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FOR RELEASE: August 2, 2001
CONTACT: Dick Gunn
405/271-5601

Oklahoma Childhood Immunization Levels Frustrate State Health Officials

Last year, only 71 percent of Oklahoma's 2-year-olds were up-to-date on their childhood immunizations for DTaP, polio, measles/mumps/rubella, and Hib. This latest assessment, released today by the National Immunization Survey, indicates Oklahoma ranks as the fourth lowest state in the nation for the number of 2-year-olds who have completed their required number of immunization doses.

State health officials note several reasons for Oklahoma's low ranking, but one overrides all others. “Oklahoma's immunization rates would be well above the national average if we could make improvements in just one shot: the fourth required DTaP,” said State Health Commissioner Dr. Leslie Beitsch. “This shot is recommended between the ages of 15 and 18 months, yet about one-fourth of our parents are not getting their child back to their health care provider for that fourth DTaP dose.”

Beitsch said another factor affecting Oklahoma's immunization rates is the reduction of federal assistance for immunization program operations. In 1999, prior to the most recent federal reductions, Oklahoma's rates improved to 78 percent, due in part to the immunization promotion efforts of 26 community outreach workers spread across the state. These positions were defunded following the federal budget cuts.

Additionally, since 1995, Oklahoma has struggled with its system of health care, moving away from public health care to private or managed care. In 1994, only 25 percent of children received their immunizations at a private physician's office, while 50 percent received their immunizations at a local county health department. Now, nearly half of all children are receiving their shots at private clinics and only one-third from county health departments. Even so, the number of actual immunizations has doubled at county health departments as a result of new vaccines added to the child vaccine schedule.

Finally, another issue influencing Oklahoma's rates is record keeping. As society becomes more mobile and parents of young children move more often, records become fragmented between health care providers.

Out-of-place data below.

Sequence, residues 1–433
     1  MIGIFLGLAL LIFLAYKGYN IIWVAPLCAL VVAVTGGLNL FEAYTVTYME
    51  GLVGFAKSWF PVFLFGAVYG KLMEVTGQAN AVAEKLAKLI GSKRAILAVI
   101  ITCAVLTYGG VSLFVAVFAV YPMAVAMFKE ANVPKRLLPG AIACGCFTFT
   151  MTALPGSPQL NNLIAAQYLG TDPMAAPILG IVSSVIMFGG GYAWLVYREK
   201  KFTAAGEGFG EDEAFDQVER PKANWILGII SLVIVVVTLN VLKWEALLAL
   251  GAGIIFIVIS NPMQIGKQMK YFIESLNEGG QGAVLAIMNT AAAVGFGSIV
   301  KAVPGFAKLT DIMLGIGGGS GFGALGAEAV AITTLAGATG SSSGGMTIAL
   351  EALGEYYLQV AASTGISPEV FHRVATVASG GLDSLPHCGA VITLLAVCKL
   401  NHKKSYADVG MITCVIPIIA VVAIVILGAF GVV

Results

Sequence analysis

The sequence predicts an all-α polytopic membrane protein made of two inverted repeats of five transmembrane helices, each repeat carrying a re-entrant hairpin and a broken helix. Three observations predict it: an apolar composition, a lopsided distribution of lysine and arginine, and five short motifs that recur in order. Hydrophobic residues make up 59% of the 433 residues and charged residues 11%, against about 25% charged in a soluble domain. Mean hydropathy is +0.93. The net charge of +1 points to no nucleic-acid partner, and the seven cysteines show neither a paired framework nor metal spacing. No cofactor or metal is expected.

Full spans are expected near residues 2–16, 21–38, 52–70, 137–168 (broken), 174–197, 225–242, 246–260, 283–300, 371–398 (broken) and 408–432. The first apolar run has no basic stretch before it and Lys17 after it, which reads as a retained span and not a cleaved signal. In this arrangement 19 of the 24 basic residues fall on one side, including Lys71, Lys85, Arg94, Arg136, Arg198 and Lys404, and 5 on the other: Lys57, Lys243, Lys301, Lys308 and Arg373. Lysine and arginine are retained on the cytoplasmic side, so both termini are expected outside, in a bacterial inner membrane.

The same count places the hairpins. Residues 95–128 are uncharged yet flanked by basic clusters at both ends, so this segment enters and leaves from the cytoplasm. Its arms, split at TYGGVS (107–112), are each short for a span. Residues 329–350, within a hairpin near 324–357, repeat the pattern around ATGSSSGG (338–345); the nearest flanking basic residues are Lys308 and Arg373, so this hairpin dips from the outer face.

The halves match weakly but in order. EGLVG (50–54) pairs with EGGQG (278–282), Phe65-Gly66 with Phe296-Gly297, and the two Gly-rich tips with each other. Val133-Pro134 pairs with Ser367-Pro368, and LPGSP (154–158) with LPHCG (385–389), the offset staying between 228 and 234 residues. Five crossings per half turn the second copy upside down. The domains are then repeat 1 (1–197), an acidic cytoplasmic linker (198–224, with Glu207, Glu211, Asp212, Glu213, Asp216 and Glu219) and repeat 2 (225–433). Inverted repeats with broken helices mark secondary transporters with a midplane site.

“We are committed to doing everything we can to improve the immunization rates for Oklahoma's children,” Beitsch said. To counter scattered or incomplete immunization records and assure that Oklahoma's children are protected against preventable childhood diseases, he said the Oklahoma State Department of Health has developed a statewide immunization registry. This registry is utilized by all public health clinics and by about one-third of the private health care providers. The registry also allows for ease in notifying parents when their child is past due for immunizations.

To improve immunization outreach and education efforts in Oklahoma's three largest metropolitan areas, citizens in Oklahoma City, Tulsa and Lawton have developed local immunization action coalitions. The coalitions represent partnerships between public and private health care providers, businesses, Rotary Clubs and others committed to helping children. “We are encouraged that these community partnerships offer the capacity to make the biggest difference in increasing our immunization rates,” Beitsch said. “Sometimes real change occurs as the result of just a few concerned people getting together to address issues affecting our children.”

Citizens interested in joining or starting a local immunization coalition in their community can contact the Oklahoma State Department of Health's Immunization Service at 405/271-4073, or contact their local county health department.

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